Lillian August, where design is a family affair

The Lillian August flagship in Norwalk is designed to inspire, and it certainly does its best to spark a rethinking of your own surroundings.

Can’t I update my dining room with that sleek new table? How great would that funky chair look in my living room? Isn’t it time for a glamorous new bedroom set?

This is, after all, a playground where ideas can run free, fueled by one stylish vignette after another. There are sparkling chandeliers and chic-yet-comfy couches, oversize mirrors and dramatic prints, intricately patterned rugs and fanciful tabletop accessories.

And the Lillian August name emblazoned over the entrance isn’t random — there is an actual Lillian August behind the longtime home furnishings and interior design firm.

In fact, the company — which officially celebrated its 25th anniversary in 2014 — is still firmly helmed by its vibrant namesake, complemented by two of her sons in this family business that’s being propelled ever forward.

It’s everyone contributing, Lillian says, “passion for a product with all the energy you have with it being a family… This passion plus energy is so powerful.”


And that passion has been there from the earliest days.

“My mother was always very creative and very entrepreneurial,” says Dan Weiss, Lillian’s eldest son and company president.

Lillian says her story is a familiar one. She was “the typical divorced mom starting the business. It’s pretty classic.”

Having met her former husband when both were students at the University of Pennsylvania, August would eventually find herself with three sons, living in Kentucky.

The direction for this “divorced-from-a-doctor mom” was natural, she adds.

“I had young teenage sons and I sewed,” she says in a most matter-of-fact way.

She began a “very grassroots” business selling crafts and quilts, in time taking her products on the road.

“What happened is, I would show in New York and Imperial Wallcoverings discovered me,” she says.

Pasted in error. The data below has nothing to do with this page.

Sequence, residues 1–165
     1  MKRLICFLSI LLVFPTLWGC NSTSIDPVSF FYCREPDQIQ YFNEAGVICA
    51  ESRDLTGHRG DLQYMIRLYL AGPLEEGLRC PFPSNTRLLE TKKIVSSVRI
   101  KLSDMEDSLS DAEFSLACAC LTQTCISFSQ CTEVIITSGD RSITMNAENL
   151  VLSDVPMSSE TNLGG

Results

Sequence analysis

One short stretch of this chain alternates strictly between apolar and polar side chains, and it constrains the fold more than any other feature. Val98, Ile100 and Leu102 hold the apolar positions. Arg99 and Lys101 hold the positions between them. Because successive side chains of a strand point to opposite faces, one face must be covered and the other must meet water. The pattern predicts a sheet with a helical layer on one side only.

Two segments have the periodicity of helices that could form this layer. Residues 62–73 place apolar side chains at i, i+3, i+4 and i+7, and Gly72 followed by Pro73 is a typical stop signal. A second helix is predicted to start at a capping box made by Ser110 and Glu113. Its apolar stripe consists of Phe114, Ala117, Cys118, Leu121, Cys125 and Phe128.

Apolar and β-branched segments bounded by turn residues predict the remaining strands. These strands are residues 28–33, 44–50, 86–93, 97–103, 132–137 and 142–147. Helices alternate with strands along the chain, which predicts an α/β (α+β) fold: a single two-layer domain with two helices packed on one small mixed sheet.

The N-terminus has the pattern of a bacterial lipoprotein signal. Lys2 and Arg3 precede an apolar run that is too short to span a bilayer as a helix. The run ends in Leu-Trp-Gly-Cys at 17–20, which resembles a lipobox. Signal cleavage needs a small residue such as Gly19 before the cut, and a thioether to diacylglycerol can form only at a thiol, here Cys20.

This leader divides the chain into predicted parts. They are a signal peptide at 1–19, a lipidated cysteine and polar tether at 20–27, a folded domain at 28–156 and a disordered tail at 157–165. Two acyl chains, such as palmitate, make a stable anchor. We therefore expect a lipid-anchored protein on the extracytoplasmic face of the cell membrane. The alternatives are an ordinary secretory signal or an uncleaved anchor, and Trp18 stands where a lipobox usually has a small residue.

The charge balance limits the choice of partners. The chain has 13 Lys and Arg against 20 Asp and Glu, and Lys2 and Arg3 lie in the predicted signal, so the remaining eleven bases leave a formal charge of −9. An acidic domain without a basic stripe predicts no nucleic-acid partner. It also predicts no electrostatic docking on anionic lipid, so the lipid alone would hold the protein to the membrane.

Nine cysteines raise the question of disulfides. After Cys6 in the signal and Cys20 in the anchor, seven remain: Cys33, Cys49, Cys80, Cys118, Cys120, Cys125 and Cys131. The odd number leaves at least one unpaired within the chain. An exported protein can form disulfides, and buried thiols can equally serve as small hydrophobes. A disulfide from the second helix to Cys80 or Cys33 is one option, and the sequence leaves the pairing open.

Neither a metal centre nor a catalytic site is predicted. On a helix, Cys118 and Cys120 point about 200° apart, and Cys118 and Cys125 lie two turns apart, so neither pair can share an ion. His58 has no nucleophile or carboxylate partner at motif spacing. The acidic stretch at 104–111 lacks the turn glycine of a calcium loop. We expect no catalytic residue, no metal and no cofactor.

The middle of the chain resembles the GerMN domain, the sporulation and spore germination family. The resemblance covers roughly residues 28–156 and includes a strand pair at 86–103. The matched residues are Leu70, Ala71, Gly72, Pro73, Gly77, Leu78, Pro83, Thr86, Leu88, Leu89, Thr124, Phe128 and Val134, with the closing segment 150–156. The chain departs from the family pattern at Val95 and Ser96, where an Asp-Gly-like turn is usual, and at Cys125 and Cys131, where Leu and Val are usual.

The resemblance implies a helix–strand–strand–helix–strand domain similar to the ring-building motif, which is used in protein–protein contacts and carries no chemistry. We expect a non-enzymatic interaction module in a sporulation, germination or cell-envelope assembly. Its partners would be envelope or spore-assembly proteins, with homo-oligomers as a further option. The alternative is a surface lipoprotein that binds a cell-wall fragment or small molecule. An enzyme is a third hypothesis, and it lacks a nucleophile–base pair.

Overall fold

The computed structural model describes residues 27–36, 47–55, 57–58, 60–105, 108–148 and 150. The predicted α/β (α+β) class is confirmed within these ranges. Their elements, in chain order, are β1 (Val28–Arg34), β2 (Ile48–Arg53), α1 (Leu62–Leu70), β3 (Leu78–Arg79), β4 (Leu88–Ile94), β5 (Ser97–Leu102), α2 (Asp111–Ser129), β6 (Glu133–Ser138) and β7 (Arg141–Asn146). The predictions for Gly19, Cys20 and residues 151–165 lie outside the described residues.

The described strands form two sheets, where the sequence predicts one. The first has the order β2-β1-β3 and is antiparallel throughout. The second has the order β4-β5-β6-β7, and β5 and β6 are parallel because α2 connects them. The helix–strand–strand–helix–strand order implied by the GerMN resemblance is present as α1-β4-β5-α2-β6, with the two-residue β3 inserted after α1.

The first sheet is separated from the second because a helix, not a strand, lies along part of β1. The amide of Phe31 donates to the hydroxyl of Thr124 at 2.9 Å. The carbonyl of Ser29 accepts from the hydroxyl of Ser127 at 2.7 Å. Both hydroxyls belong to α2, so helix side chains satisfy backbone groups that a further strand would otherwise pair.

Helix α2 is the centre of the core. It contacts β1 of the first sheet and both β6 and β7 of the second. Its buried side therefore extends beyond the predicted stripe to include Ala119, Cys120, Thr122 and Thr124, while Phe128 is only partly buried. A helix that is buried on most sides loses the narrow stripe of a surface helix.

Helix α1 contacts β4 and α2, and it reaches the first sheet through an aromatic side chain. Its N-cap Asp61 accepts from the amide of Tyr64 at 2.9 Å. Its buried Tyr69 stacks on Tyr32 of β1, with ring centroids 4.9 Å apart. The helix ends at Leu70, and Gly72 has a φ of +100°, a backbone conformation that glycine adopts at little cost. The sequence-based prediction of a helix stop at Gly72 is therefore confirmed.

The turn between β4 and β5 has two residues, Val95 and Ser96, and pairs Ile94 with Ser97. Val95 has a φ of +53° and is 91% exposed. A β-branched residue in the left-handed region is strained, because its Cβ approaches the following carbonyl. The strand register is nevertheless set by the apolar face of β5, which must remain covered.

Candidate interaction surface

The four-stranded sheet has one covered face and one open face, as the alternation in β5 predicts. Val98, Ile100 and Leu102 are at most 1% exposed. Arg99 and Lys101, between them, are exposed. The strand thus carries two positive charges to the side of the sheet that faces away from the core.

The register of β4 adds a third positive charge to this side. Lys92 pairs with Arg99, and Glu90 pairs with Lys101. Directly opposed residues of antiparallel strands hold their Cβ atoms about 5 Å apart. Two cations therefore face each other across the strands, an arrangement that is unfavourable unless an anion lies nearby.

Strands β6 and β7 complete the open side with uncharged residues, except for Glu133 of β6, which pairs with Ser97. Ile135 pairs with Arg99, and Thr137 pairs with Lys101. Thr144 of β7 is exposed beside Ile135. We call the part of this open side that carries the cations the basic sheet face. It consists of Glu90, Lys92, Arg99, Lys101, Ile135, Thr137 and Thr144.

And from there, her business took off.

“The beginning of the company was I became a textile designer,” she says.

By then, her son Dan was on Wall Street and shopping a business plan for Lillian August in his free time.

“At lunch he would take my portfolio” around to generate interest, Lillian says. One day, “He said ‘Mom, you’re going to have to move to New York.’”

The former Martha Graham dancer who grew up in Philadelphia was not unfamiliar with the city — but it was still a major move.

“I loved New York, but I didn’t know that I wanted to give up what I had started.”


But she did, moving north in 1985 and soon after the family came together when they had the opportunity to open a shop.

Westport, she says, ended up being the ideal option with its “small-town Main Street.”

Lillian offered textiles and apparel, including women’s separates and then children’s clothing, which instantly connected.

“Some people will remember that about us,” she says. “We were very much modeled after the Laura Ashley shops.”

It was a look, she says, that was “very romantic, florals, chintz. …Actually the whole concept of the business was very romantic.”

It was on one day in Westport when Lillian says she realized all the risks had paid off, thanks to a very famous customer.

“When Joanne Woodward came in and bought my fabrics, I knew we would make it,” Lillian says.

Back then, she says, “it was a mom and three sons.”

Today, Dan, as president, oversees merchandising, furniture buying and design. John, three years younger and the one Lillian calls “the math genius,” serves as COO. John’s duties include handling day-to-day operations as well as being involved with marketing, merchandising and serving as the lead buyer for decorative accessories and one-of-a-kind products including vintage finds and antiques.

As Dan explains, employing a restaurant metaphor that ends with a quip: “We kind of divide it up a little bit front of the house, back of the house. We’re kind of a two-headed monster.”

Each is married with children, Dan living in Manhattan and John in Weston. (Michael, the youngest brother, was involved with Lillian August but went on to his own successful furniture design career.).


During those early Westport days, Lillian says, “We switched to furniture very comfortably.”

She says a young Ralph Lauren was with a furniture company called Frederick Edward.

“They asked me to design a line,” she says. “We went from textiles right up to furniture.”

Things were falling into place as Lillian hoped.

“When I moved to New York, the idea was to grow.”

Today, with a showcase in High Point, N.C., where all vignettes reflect a story, the company explores looks from “traditional to glamour to even European modern.”

“We cover many lifestyles — and we are a lifestyle brand,” Lillian says. “I think as a company we’re very much trying to invest in that model.”

And the company, she says, is fluid.

“Because we’re small, we can be nimble and change and we do change, let me tell you.”

That has served the company well, as it works not only on its own designs but with licensed lines, including Lillian August Fine Furniture for Hickory White, an art collection for Wendover Art Group and The Lillian August Lighting Collection from Currey & Company.